While planting, politics, and violence captured the imagination of most white Edgefieldians, a number of other bright young men looked for opportunities in industry and commerce. Dr. Abner Landrum developed a pottery industry which was to have a major impact on Edgefield for more than half a century. Henry Schultz, a German immigrant, developed Hamburg, a new town on the Savannah River, which became an important commercial center during the antebellum era. Another German immigrant, Christian Breithaupt, built the first textile mill in this part of the state at Vaucluse. A number of Edgefieldians participated in bringing the South Carolina Railroad to Ham-burg. The Plank Road from Edgefield to Hamburg was built. William Gregg, a Charleston silversmith, came to run the Vaucluse factory and wound up developing the Graniteville factory, the most successful textile operation in the antebellum South. These industrial and commercial enterprises were a significant part of the fabric of antebellum Edgefield and a number of the Edgefield lawyers and planters were involved in these endeavors.
However, the most significant contribution of antebellum Edgefield to our nation's history was the intense section-alism which began in the mid-1820s and evolved to 1860. Edgefield Congressman George McDuffie (later Senator and Governor) initiated the fight against federal tariffs which were imposed on imported goods to protect New England manufacturers. He believed that the interests of this section of the country were being sacrificed for the good of New England.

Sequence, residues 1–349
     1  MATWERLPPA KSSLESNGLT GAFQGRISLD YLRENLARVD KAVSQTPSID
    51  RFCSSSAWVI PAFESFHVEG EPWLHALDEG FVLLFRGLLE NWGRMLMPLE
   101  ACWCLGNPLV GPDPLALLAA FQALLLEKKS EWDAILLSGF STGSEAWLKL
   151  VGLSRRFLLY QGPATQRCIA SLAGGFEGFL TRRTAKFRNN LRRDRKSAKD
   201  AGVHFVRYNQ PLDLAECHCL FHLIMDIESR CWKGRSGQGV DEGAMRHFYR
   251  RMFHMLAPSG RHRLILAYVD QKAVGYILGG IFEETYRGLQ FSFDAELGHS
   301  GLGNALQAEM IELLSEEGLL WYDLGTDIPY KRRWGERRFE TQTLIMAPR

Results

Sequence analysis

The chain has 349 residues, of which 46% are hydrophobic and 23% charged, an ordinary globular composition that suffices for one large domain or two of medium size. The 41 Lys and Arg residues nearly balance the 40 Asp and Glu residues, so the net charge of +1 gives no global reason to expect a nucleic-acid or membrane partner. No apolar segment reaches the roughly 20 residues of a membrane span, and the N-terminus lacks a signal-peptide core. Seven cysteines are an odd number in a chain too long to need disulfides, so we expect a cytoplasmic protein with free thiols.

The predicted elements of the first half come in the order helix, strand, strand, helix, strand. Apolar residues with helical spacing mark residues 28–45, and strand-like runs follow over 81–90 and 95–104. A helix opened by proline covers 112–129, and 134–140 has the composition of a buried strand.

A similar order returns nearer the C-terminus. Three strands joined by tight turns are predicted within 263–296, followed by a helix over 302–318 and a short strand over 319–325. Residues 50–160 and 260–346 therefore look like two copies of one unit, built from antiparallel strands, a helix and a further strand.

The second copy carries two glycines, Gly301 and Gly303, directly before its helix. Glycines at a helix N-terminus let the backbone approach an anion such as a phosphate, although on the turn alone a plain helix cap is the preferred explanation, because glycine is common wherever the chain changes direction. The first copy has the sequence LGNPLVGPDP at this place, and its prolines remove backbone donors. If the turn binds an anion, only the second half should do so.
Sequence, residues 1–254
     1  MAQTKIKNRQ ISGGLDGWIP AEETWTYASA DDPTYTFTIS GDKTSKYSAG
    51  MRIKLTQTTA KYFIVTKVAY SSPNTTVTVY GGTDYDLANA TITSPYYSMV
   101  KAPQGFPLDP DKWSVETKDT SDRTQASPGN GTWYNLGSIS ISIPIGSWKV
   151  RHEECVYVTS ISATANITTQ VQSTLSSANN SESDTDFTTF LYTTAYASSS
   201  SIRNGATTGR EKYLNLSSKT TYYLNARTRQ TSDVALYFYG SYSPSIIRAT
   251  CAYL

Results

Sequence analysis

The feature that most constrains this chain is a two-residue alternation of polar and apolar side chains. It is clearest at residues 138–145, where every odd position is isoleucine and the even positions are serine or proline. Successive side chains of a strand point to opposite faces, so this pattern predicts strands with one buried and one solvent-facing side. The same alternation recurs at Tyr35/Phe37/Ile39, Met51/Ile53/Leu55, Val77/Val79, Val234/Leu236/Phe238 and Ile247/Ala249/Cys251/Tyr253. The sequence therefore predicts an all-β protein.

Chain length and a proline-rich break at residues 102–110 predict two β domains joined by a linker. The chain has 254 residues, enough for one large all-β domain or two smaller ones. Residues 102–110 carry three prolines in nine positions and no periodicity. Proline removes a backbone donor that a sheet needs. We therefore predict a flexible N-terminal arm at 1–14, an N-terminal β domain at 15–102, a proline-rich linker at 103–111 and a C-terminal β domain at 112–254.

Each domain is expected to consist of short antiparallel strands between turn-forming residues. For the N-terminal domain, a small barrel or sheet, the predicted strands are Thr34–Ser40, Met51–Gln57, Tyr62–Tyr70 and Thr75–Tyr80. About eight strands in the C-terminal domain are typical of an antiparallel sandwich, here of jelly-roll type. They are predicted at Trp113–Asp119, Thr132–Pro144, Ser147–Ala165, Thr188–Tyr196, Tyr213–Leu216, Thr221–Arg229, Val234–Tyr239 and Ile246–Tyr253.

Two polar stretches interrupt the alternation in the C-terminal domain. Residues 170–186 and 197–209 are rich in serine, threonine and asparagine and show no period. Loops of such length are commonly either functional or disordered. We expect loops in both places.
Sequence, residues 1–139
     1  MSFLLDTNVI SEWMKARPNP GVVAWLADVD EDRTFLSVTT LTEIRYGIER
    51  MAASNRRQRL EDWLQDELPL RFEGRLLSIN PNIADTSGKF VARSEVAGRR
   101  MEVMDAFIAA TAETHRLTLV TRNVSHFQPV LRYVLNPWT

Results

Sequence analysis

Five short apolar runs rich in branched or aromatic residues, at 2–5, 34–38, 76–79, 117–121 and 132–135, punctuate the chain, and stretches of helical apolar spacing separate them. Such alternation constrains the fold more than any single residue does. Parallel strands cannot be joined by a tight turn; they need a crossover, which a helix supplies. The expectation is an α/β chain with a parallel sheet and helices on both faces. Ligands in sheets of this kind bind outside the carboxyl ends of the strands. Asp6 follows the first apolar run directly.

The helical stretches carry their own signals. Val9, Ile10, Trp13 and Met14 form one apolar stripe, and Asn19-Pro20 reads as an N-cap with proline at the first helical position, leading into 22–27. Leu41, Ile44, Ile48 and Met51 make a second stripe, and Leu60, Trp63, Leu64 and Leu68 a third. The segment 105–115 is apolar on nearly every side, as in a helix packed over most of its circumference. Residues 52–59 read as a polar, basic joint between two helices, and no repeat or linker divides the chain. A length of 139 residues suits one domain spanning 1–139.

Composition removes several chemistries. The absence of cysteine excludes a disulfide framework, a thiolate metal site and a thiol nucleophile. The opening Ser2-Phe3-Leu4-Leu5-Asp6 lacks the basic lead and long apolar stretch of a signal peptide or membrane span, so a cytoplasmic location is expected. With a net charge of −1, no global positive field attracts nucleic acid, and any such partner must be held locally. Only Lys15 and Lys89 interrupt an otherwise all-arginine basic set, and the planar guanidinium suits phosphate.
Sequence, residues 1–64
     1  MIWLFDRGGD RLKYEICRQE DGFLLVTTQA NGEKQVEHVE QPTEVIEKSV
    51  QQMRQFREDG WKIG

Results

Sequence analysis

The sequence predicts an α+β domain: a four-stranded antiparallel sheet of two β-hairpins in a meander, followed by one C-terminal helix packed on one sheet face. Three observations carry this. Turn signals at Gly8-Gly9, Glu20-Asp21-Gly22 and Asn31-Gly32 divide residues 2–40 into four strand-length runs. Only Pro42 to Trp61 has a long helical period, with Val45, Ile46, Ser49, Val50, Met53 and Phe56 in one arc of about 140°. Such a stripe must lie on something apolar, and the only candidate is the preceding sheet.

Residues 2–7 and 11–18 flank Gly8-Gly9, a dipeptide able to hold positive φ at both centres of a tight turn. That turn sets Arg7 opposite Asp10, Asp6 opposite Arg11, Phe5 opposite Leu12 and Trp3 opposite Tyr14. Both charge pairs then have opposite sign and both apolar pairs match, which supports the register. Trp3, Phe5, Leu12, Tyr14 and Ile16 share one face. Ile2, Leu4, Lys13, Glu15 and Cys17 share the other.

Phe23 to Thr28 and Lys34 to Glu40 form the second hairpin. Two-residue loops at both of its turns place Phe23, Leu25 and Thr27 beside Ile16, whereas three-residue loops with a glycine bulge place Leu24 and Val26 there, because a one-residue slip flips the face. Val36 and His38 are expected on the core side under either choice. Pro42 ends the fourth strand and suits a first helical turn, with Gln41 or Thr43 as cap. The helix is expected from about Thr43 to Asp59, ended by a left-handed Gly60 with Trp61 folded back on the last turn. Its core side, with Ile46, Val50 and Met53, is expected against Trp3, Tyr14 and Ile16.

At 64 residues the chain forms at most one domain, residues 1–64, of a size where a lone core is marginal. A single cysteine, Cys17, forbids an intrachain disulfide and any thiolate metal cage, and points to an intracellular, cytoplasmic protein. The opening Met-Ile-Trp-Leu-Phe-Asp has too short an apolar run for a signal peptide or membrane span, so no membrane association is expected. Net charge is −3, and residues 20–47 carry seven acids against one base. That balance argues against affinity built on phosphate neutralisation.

McDuffie, together with South Carolina statesman John C. Calhoun, developed the doctrine of "nullification", which postulated that a state had the right to nullify a federal law with which it disagreed. This doctrine was put to a test in 1832. South Carolina passed the Ordinance of Nullification, and President Andrew Jackson threatened to send troops to the state to enforce the tariff. Edgefieldians, like most South Carolinians, reacted violently to the Presi-dent's threats. Militia units were called up and the state braced for war. A national crisis was averted only by a last minute compromise that gradually reduced the tariffs.
Later, as the anti-slavery movement gained momentum and began to threaten the economic basis of the South's prosperity, most white Edgefieldians, like most white South Carolinians, embraced this sectionalism. National unity was again threatened in 1850 when many leaders throughout the South began to speak of secession. The 1856 caning of Senator Charles Sumner by Edgefield Congressman Preston Brooks on the floor of the United States Senate galvanized the nation and set South Carolina on a course for secession and Civil War. By the fall of 1860 when Abraham Lincoln was elected President, all but a few Edgefield citizens were convinced that the time had come for the South to go its own way. A convention was called and Edgefield's delegation joined in the unanimous declaration of secession.